In James we read that seeds of righteousness are sown in peace. Think about sowing seeds in your garden, or the farmers sowing in their fields. Sowing is done in peace; it doesn’t happen in the middle of brawls, or strife or armed camps. In contrast in verse 16 we are told that envy and selfish ambition lead to disorder. (and every evil practice too.) We are then to be sowing peacefully. As verse 17 says, good fruit includes being impartial and sincere, and full of mercy. Peacemakers are praised here, just like in the Sermon on the Mount. It can be really hard to be a peacemaker; we often want to leap in and just argue our own position without listening to others. Too difficult to do on our own, this something we need help with. We can get help from others who are doing this, from taking the time to listen and think, and then act. James says we get help with this with the wisdom that comes from heaven, from God. We are not alone.

God has provided righteousness for us already. In Isaiah 61:10 it says, “for he has clothed me with the garments of salvation, he has covered me with the robe of righteousness” .God provides not out of anything we have done or could manage to do but out of His abundance grace and care for His creation.

Patient God, we need the presence and power of the Holy Spirit to help us be agents of peace, justice, and love, and to lead us to serve those who are treated unjustly or are oppressed. Teach us the way of peacemaking. Show us today a situation where we can make wrong become right. We seek to follow the teaching of our Lord: to love one another as sisters and brothers this day and forever more. Amen.

Chris Gabel

June 22

“O Hope of Israel, its Savior in times of distress, why are you like a stranger in the land, like a traveler who stays only a night?”  Jeremiah 14:8

“But the disciples urged Jesus strongly, saying, ‘Stay with us, because it is almost evening and the day is now nearly over.’  So he went in to stay with them.”  Luke 24:29

A common picture I remember from childhood is a picture of Jesus knocking on a door.  What would I do if Jesus, visibly, rang my doorbell?  Would I welcome him inside without a second thought?  Would I stall, have my husband keep him waiting outside, while I scramble to hide reading, certain glasses, and other “behavioral evidence”?  Would I change how I talk with my family?  Would I want him around indefinitely, or would his presence cramp our style?  We forget – because we don’t take time to think about it – that God watches as we sleep, as we greet and live each new day, our going out and our coming in, knowing our innermost thoughts and seemingly unseen actions.

The disciples walking to Emmaus did not recognize Jesus when he stopped to talk with them.  Mary did not recognize his voice in the garden.  Martha felt a clean house and food on the table would mean more to Jesus than good conversation.  Peter would deny ever knowing him. 

Though these don’t look like “the picture”, Jesus comes to be with us in the quiet, in nature, in the needs of others, in the comfort and caring of those who love us.  We pray that our thoughts, our speech and actions, our hospitality will be worthy of the divine.  As Paul reminds us, the stranger we welcome – or turn away – may be an angel in disguise, even Jesus himself.  Once you invite him in …..… he never leaves.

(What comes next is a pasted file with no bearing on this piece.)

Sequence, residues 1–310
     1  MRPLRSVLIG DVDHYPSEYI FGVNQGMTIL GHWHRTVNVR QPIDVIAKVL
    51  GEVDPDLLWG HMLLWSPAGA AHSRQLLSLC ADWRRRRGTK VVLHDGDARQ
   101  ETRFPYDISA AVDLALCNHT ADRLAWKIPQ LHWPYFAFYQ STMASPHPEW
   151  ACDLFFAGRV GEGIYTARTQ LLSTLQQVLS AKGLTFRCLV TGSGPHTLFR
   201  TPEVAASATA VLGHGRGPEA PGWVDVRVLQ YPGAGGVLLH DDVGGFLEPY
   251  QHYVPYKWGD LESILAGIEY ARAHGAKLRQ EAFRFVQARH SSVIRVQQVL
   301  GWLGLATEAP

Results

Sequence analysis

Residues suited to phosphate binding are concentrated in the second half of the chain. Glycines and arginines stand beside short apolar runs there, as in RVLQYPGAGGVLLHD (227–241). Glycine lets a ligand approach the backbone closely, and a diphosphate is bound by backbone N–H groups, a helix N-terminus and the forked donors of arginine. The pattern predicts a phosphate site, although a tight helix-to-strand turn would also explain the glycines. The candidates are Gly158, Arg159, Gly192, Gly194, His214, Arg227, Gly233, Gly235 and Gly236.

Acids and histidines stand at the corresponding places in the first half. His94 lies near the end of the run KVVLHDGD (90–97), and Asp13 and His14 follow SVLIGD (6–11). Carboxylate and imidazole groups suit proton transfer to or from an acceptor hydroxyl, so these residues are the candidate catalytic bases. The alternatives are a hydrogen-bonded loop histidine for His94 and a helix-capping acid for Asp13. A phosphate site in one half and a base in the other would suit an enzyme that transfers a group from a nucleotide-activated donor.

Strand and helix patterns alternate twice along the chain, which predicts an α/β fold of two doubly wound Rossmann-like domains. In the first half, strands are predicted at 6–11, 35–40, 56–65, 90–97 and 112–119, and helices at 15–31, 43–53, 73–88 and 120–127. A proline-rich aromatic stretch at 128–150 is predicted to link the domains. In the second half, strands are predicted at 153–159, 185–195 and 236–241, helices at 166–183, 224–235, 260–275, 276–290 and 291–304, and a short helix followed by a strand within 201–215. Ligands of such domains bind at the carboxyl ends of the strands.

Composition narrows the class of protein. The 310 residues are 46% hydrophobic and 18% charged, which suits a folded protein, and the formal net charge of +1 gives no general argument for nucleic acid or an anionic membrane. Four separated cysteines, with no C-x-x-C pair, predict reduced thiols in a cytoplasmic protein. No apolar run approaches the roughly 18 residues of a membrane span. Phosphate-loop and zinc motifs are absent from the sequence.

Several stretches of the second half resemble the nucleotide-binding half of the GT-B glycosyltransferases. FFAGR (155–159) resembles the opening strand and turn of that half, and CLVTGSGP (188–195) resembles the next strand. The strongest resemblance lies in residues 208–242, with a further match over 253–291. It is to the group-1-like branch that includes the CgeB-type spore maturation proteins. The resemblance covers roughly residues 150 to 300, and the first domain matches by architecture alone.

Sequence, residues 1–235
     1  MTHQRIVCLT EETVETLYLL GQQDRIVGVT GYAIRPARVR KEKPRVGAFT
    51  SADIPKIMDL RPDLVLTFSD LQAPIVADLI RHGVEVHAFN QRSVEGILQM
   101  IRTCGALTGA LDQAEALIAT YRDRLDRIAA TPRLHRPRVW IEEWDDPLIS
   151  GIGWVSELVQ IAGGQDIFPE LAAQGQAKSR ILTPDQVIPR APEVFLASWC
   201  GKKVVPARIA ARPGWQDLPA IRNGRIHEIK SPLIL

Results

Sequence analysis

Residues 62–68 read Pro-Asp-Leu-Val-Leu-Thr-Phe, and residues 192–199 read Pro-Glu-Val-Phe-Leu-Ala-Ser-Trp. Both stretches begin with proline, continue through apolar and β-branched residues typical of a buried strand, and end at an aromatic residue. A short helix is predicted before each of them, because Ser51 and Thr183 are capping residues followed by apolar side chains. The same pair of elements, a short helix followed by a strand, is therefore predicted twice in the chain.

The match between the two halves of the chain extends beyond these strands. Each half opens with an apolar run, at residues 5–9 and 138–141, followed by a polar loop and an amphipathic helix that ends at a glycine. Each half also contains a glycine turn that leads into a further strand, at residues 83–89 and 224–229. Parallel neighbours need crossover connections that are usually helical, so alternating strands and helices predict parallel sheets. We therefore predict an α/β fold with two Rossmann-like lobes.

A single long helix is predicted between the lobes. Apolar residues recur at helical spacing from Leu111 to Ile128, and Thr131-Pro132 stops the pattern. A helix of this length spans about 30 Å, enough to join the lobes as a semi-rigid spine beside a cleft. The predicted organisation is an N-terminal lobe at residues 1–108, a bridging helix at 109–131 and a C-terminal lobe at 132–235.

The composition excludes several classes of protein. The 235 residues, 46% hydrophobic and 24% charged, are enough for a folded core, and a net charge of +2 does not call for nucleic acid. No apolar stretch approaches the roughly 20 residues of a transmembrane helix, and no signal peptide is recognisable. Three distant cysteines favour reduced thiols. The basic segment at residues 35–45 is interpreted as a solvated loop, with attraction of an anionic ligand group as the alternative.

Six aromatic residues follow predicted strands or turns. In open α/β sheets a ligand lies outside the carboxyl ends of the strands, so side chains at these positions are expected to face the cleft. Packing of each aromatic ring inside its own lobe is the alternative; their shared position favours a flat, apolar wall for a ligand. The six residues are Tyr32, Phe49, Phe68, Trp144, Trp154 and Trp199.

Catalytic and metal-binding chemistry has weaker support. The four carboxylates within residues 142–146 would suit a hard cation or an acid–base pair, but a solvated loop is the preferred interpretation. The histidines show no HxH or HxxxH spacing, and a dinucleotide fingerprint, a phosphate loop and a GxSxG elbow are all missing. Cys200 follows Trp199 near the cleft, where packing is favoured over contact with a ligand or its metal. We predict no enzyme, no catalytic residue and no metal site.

“Come, Lord Jesus, be our guest …”  and stay.  Help us see you in others, to treat them with kindness and respect, and to love them as we would want to be loved.  I pray that you will help me live so that others will see your light in me.  Amen

Verla Olson

June 17, 2020

Worship the Lord with gladness; come into his presence with singing. Psalm 100:2 

Give thanks to the Father, who has enabled you to share the inheritance of the saints in the light. Colossians 1:12

The theme for today is thankfulness. Thankfulness includes feeling gratitude and expressing appreciation. Psalm 100 is a psalm for giving thanks. Go ahead and read through the whole psalm, it doesn’t take long to read all five verses. We are urged to do this as we worship the Lord. Is this how we worship? It may seem that we think, oh it’s the weekend, we have to go to church and make it through an hour-long service. Just going through the motions, following along, listening to the music but not really singing along. Yet the Psalmist says we should enter God’s presence with singing – maybe we should sing as we enter the sanctuary? That would certainly catch people’s attention. (At least when the pandemic finally allows us to worship in sanctuaries again.)

The first portion of Colossians is titled “Thanksgiving and Prayer.” The two go together, part of prayer is to give thanks to God. Paul writes in this letter against being over ceremonial –or lots of rules about food, drink, and festivals. The emphasis is on the simple gratitude for all that God has done for us, thankfulness, giving thanks to God, the Father, our creator. The one who sent Jesus and the Holy Spirit so that we could all be saints. That sounds like something to be thankful for!

With all the difficulties in our world today it might be hard to think of anything to be thankful for. Separation from others, perhaps depression, and anger at recent events all make it a bit difficult to live in thankfulness. Perhaps we should be starting each day with thanks to God for the morning, for the sun or the rain, for the heat or the cold, for all the beauty of nature and for all the good people that He created. For all the problems, depression, and anger we experience we know that God is with us, all of us. He will give us the strength to help others as we work on solving these major problems. As the Psalmist wrote in 100:1 – Shout for joy to the Lord, all the earth.